Image two

Cochabamba, Bolivia. Source: Gemma Sou

What kinds of mitigation strategies were in place to try and reduce risk?

People receive very little organisational support with disaster mitigation. Local churches, friends and family may provide help in the aftermath; however, there is little assisitance in the pre-disaster stages. Likewise the local government only intervenes (inadequently) following large disasters and not in the period before a large disaster. Following a landslide in 2008 which affected 70 families the local government provided mattresses and rice to families. The local government then declared the affected area too hazardous and suggested that people migrate to a rural town, offering each family US$5000 as an incentive. In consequence, the local government promotes the idea that local disasters cannot be mitigated and that the only solution is too leave the area. This absolves the local government from any responsibility, and places responsibility for mitigation on the urban dwellers themselves. Problematically, disasters have for a long time be seen as a rural problem and the responsibility of specialised disaster organisation.  As a result the city authority in Cochabamba (and many other cities in the global south) do not give sufficient attention to how they may mitigate urban disasters and commonly focus on the more traditional urban development issues such as the provision of basic services. This is one of the big challenges of disaster mitigation as city authorities must increase the focus on mitigation and try to integrate risk reduction into other development projects.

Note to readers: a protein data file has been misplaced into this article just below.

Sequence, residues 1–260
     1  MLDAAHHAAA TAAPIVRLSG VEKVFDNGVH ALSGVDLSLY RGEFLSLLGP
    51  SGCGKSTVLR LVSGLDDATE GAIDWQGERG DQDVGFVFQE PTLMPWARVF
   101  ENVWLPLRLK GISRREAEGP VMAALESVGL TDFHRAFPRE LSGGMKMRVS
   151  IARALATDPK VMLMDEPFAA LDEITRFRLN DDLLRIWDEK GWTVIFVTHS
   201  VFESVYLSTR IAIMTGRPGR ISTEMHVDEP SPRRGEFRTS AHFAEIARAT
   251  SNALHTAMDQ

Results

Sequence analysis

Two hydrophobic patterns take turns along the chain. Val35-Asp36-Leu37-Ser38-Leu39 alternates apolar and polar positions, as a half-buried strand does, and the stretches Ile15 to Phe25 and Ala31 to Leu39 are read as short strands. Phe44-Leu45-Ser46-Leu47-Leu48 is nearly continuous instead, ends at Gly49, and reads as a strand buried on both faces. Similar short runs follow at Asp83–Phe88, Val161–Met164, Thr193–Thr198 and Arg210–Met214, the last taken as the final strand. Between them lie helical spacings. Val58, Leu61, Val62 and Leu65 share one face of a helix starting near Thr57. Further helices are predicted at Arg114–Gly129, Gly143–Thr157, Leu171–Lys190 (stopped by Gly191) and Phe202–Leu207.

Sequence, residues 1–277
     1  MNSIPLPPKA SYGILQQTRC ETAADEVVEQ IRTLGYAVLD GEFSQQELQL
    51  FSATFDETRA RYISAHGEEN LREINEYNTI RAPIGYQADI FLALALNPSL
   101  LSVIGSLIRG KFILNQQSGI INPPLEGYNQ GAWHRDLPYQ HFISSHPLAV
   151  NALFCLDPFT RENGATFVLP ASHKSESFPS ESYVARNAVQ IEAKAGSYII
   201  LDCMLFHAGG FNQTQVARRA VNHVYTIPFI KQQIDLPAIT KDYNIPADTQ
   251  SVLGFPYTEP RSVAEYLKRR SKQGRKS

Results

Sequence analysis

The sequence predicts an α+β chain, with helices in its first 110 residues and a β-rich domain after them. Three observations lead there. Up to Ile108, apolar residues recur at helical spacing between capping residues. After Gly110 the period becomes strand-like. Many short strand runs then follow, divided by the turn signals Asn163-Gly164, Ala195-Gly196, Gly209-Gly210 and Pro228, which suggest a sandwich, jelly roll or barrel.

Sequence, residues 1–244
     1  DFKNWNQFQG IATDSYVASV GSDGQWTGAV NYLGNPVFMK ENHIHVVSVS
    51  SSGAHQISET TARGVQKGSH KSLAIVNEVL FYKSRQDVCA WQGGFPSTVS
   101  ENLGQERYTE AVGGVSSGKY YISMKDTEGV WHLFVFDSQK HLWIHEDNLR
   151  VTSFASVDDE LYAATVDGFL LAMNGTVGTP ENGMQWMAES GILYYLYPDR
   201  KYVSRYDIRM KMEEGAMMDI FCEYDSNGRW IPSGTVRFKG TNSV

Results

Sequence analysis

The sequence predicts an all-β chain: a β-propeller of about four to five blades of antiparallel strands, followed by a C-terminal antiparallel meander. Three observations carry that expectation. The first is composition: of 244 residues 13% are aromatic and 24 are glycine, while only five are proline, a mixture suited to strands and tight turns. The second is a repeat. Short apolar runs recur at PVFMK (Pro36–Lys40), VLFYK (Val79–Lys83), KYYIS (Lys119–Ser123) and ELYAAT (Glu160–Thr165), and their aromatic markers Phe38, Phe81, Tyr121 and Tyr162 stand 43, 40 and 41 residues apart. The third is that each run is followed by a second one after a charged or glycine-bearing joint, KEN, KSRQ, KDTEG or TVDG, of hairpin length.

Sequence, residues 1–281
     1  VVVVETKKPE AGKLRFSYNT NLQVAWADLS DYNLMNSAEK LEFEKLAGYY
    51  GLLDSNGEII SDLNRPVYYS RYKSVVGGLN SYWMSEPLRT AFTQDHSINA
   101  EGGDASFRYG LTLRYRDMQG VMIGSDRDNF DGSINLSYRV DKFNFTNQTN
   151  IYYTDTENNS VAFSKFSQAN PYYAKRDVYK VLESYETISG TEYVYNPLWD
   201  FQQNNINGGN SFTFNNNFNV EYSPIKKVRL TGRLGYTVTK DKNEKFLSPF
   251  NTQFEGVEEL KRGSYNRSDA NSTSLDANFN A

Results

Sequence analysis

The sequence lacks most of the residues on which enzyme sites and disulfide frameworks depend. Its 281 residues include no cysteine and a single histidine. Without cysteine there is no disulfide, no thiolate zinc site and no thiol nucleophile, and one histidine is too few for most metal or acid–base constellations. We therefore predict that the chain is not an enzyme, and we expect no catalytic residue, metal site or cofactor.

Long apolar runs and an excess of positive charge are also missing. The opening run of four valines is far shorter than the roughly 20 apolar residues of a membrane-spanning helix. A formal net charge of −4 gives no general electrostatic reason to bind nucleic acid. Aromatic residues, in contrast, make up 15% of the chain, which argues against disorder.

Image three

Cochabamba, Bolivia. Source: Gemma Sou

Are there any other ways people tried to reduce their risk?

Individual urban dwellers carry out many strategies to mitigate their risk. Some people move house, either to another community or to another plot within the community that they perceive as less hazardous. During heavy rainfall people often move to the part of the house that they believe is most secure. They may sweep rainwater away from their house and into surface drains. Many people place plastic sheets around the base of their house in order to stop rainwater destabilising the ground. However, most people state that the design and construction of their house is the main way that they reduce their risk. Techniques include the construction of a wall, deep foundations, conversion from mud walls to brick and concrete walls, the inclusion of guttering around the house and changing the inclination of the roof in order to discharge water away from the house.  However, even when some people want to reconstruct their house in order to reduce their risk, they are not able to because the local government declared that the areas that were severely affected by the 2008 landslide as “too hazardous”.  As such, people are not allowed to reconstruct their house or sell their house. Consequently they are effectively trapped living in precarious housing conditions because they do not want to migrate away as they will lose significant money as they cannot sell their house.  In addition , many people lack the resources to reconstruct their house.

Image four

Housing in Cochabamba, Bolivia. Source: Gemma Sou

How does personal perception of risk affect how people mitigate or respond to hazards?